This morning my friend Peter Giles — I don’t know his exact title, so we’ll call him the Communications Director for Yamaha Digital Music — announced a “strategic partnership” with a company called Zenph. I’ve been trying to decipher the claims that are being made about this partnership or product or whatever it is.
Peter’s post on Facebook said, “In my view, this new alliance is a game changer in the piano industry.” The phrase “game changer” is a red flag for any journalist reading the words of a communications director. What it typically means is, “This is a minor advance at best, so we’re going to trumpet it as loudly as we possibly can.”
The headline on PRWeb, on the press release to which Peter’s FB announcement links, says, “Yamaha and Zenph Form Strategic Partnership to Demonstrate Unlimited Potential of Yamaha Disklavier .” The phrase “unlimited potential” is another of those red flags. Let’s be clear: Nothing has unlimited potential, not even the entire biosphere of the planet on which we live. The best evidence we have suggests that not even the entire universe has unlimited potential, though we’re hardly in a position to know for sure. But the Disklavier in particular … it’s a reproducing piano. I believe it has an optional built-in General MIDI module. In musical terms, it has far, far less potential than the computer on which I’m writing these words.
Digging a little deeper, we find that what is actually being announced are three new software products from Zenph: Home Concert Xtreme, RePerform, and Internet MIDI. Or possibly they’re not new software products but simply Mac and Windows versions (newly ported or just updated, it’s not clear which). The fact that Home Concert Xtreme is described in the press release as “award-winning” is a clue that it’s not new.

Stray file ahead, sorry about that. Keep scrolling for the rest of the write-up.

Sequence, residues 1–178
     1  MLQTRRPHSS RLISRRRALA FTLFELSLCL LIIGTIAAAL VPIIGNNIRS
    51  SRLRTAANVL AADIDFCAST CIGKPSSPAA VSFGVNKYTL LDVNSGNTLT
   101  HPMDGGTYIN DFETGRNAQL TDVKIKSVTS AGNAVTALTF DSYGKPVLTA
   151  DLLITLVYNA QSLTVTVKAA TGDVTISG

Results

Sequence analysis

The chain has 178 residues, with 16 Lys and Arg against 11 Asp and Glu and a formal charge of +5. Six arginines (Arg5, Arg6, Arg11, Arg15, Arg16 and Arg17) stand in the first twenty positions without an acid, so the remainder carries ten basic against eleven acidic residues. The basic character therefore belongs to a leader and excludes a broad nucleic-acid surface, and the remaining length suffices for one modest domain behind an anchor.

Home Concert Xtreme is described as an “interactive learning and performing environment that provides intelligent accompaniment that actually follows the soloist — slowing down, speeding up and getting softer and louder in a musically coordinated fashion.” A piano soloist? A soloist on some other instrument? The press release glides blithely past such details, but as it turns out, we’re talking about a keyboard soloist playing a MIDI keyboard (such as the Disklavier). No audio pitch detection is employed. The synthesized accompaniment will then follow the student’s tempo and dynamics.
While this is happening, the student has to read the music from the computer screen, and that’s a can of worms. How do you write fingerings on the music displayed on a screen? Answer: You can’t. So how many piano students are going to be ready to play a piece with no written-in fingerings?
For the record, the people who make Finale, the notation publishing program, have had accompaniment software that could follow an instrumental soloist’s tempo — in the form of audio, played by a flute or saxophone, for instance — for several years. What’s new, then, is that Zenph is scaling down a well-known concept to MIDI performance in conjunction with the Disklavier. I can imagine that such a system may be useful in a few situations. Speaking as a teacher, however, I’m far more inclined to feel that the student ought to learn to keep proper time by following the recording, rather than the other way around.